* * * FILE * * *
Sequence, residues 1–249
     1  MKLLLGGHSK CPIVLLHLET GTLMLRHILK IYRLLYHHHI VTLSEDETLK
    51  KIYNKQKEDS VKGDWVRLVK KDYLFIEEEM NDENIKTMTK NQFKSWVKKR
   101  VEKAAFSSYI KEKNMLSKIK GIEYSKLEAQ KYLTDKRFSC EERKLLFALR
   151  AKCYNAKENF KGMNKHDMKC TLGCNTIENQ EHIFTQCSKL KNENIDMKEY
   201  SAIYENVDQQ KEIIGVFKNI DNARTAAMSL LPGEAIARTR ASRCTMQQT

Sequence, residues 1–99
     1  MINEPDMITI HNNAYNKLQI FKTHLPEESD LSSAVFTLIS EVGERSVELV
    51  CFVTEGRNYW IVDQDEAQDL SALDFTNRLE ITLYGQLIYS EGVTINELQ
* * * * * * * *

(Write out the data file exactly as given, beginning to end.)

Sequence, residues 1–249
     1  MKLLLGGHSK CPIVLLHLET GTLMLRHILK IYRLLYHHHI VTLSEDETLK
    51  KIYNKQKEDS VKGDWVRLVK KDYLFIEEEM NDENIKTMTK NQFKSWVKKR
   101  VEKAAFSSYI KEKNMLSKIK GIEYSKLEAQ KYLTDKRFSC EERKLLFALR
   151  AKCYNAKENF KGMNKHDMKC TLGCNTIENQ EHIFTQCSKL KNENIDMKEY
   201  SAIYENVDQQ KEIIGVFKNI DNARTAAMSL LPGEAIARTR ASRCTMQQT

Sequence, residues 1–99
     1  MINEPDMITI HNNAYNKLQI FKTHLPEESD LSSAVFTLIS EVGERSVELV
    51  CFVTEGRNYW IVDQDEAQDL SALDFTNRLE ITLYGQLIYS EGVTINELQ